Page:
September 23, 2020

News Analysis: Effect of Cyprus Exit From Euro Seen as Limited

But for the broader financial system in Europe, the losses resulting from a Cypriot banking collapse and the country’s return to its former currency would be minimal compared with the havoc that Greece would have created had it not been bailed out.

And that, economists and investors contend, is why Germany and its Dutch stalking horse, Jeroen Dijsselbloem, the president of the Eurogroup of finance ministers, were so adamant that depositors — large and small, Cypriot and Russian — contribute 5.8 billion euros ($7.5 billion) toward the 10 billion euro bailout of Cyprus’s largest banks.

Greece may well have been too big to fail last year, but Cyprus, which creates less than one-half percent of the euro zone’s gross domestic product, is certainly not.

From a financial standpoint, what is most noteworthy is that the combined debt of the Cypriot people, companies and government is 2.6 times the size of the country’s gross domestic product. Only Ireland, still struggling to recover from the banking collapse that required an international bailout in 2010, has a higher debt-to-G.D.P. ratio among euro zone countries.

As debts in Europe mount in inverse proportion to the ability of its citizens, companies and governments to make good on them, the view is forming in Berlin and Brussels that a signal must be sent that citizens and investors must start accepting losses for the euro zone to survive in the long run.

“There have been too many bailouts in Europe; it’s time to remove the air bags,” said Stephen Jen, a former economist at the International Monetary Fund who runs a hedge fund in London. “This is not a Lehman,” he said, referring to the disastrous chain reaction touched off by the collapse of Lehman Brothers in 2008.

Eric Dor is a French economist who has studied the mechanics of how a country might remove itself from the monetary union. By his calculations, the euro zone — through its central banking system and its national banks — has just 27 billion euros in outstanding credit exposure to Cyprus. That is a mere rounding error compared with the euro zone G.D.P. of 9.4 trillion euros.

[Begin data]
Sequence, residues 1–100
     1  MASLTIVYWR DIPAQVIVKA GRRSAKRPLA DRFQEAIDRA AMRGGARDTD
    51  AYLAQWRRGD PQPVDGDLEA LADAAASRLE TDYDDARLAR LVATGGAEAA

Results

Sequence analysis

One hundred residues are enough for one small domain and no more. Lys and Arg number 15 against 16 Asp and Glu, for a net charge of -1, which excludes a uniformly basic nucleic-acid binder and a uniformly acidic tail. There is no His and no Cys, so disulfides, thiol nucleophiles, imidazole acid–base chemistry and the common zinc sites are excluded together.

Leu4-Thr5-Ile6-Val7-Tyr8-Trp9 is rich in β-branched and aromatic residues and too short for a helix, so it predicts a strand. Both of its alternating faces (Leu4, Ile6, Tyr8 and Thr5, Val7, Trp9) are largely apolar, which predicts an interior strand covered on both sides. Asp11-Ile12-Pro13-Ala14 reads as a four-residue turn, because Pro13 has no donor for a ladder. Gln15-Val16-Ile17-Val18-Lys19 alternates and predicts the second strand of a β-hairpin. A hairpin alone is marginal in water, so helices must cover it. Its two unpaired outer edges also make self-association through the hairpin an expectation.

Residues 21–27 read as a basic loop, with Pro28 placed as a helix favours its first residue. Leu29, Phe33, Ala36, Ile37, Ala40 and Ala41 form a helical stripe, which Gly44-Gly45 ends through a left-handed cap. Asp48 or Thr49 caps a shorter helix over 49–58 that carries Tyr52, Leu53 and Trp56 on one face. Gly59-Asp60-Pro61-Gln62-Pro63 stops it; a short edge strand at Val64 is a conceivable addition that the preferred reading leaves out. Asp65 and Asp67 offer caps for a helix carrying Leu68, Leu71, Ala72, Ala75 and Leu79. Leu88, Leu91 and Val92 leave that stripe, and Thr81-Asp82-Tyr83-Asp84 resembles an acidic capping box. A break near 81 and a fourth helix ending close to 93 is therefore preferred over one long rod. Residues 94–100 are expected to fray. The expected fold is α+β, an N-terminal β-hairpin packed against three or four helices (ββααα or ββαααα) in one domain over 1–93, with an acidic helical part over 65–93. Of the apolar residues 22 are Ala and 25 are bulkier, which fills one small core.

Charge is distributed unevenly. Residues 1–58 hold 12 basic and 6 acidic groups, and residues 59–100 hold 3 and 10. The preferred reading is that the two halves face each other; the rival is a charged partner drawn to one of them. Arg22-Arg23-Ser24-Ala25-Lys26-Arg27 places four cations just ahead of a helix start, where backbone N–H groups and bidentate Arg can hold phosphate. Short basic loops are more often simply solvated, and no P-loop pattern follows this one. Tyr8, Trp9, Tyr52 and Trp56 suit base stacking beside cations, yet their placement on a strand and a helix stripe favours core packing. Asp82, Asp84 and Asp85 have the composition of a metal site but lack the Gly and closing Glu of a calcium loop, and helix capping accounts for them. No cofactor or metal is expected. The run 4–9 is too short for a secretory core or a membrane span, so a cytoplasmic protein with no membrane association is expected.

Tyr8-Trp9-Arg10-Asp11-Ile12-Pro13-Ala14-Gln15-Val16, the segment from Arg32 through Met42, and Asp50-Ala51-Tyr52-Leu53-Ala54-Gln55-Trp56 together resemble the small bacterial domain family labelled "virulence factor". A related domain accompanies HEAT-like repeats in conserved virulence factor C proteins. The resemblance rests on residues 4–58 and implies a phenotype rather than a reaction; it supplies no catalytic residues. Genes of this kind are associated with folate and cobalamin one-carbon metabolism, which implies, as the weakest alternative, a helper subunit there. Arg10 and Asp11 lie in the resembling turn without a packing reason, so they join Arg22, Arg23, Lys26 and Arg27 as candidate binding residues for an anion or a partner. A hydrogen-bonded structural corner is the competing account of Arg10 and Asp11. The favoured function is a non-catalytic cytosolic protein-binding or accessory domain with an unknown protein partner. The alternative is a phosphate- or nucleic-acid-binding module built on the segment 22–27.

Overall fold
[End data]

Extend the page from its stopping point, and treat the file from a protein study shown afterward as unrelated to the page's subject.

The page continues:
Estimates of the potential cost if Greece had been forced into a disorderly euro exit have ranged from 200 billion euros to 800 billion euros, given the larger exposure that the European Central Bank and European banks had to the country.

“This explains why Germany and others are putting so much pressure on Cyprus,” said Mr. Dor, head of research at the Iéseg School of Management in Lille, France. “They are saying we can take the risk of pushing Cyprus out of the euro zone, and that Europe can take the losses without going broke.”

Mr. Dor notes that the current euro zonewide system of insuring bank deposits up to 100,000 euros was put in place after the financial panic that followed the Lehman collapse. Those deposits are supposed to be insured by national governments.

So when the president of Cyprus admitted this week that his country did not have the money to backstop the 30 billion euros of guaranteed bank deposits — a figure greater than the Cypriot economy itself — a crucial bond of trust between a government and its citizens was snapped.

“It is the first time ever that the leader of a euro zone country has admitted that he could not afford to pay the guarantee,” Mr. Dor said.

A hasty expulsion from the euro zone would make the savings of the Cypriot people all the more evanescent, once they are converted back into Cypriot pounds, the currency Cyprus used before adopting the euro in 2007.

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